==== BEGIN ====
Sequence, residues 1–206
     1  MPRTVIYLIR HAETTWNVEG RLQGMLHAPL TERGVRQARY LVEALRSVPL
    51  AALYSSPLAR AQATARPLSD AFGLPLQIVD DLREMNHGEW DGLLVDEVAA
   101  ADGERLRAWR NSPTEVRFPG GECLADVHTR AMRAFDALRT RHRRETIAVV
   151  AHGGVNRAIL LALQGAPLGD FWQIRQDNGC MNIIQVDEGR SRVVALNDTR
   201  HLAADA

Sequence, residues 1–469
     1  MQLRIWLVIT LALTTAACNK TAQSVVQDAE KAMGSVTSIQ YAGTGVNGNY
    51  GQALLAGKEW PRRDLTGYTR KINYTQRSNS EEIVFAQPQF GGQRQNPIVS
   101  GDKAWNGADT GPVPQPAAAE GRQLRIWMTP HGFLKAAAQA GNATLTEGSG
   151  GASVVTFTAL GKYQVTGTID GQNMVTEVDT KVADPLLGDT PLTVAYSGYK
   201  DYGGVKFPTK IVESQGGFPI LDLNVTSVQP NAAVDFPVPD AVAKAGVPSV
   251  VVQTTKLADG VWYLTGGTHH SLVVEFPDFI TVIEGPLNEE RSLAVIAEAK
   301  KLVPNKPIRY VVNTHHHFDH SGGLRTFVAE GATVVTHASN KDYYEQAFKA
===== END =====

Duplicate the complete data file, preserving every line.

Sequence, residues 1–206
     1  MPRTVIYLIR HAETTWNVEG RLQGMLHAPL TERGVRQARY LVEALRSVPL
    51  AALYSSPLAR AQATARPLSD AFGLPLQIVD DLREMNHGEW DGLLVDEVAA
   101  ADGERLRAWR NSPTEVRFPG GECLADVHTR AMRAFDALRT RHRRETIAVV
   151  AHGGVNRAIL LALQGAPLGD FWQIRQDNGC MNIIQVDEGR SRVVALNDTR
   201  HLAADA

Sequence, residues 1–469
     1  MQLRIWLVIT LALTTAACNK TAQSVVQDAE KAMGSVTSIQ YAGTGVNGNY
    51  GQALLAGKEW PRRDLTGYTR KINYTQRSNS EEIVFAQPQF GGQRQNPIVS
   101  GDKAWNGADT GPVPQPAAAE GRQLRIWMTP HGFLKAAAQA GNATLTEGSG
   151  GASVVTFTAL GKYQVTGTID GQNMVTEVDT KVADPLLGDT PLTVAYSGYK
   201  DYGGVKFPTK IVESQGGFPI LDLNVTSVQP NAAVDFPVPD AVAKAGVPSV
   251  VVQTTKLADG VWYLTGGTHH SLVVEFPDFI TVIEGPLNEE RSLAVIAEAK
   301  KLVPNKPIRY VVNTHHHFDH SGGLRTFVAE GATVVTHASN KDYYEQAFKA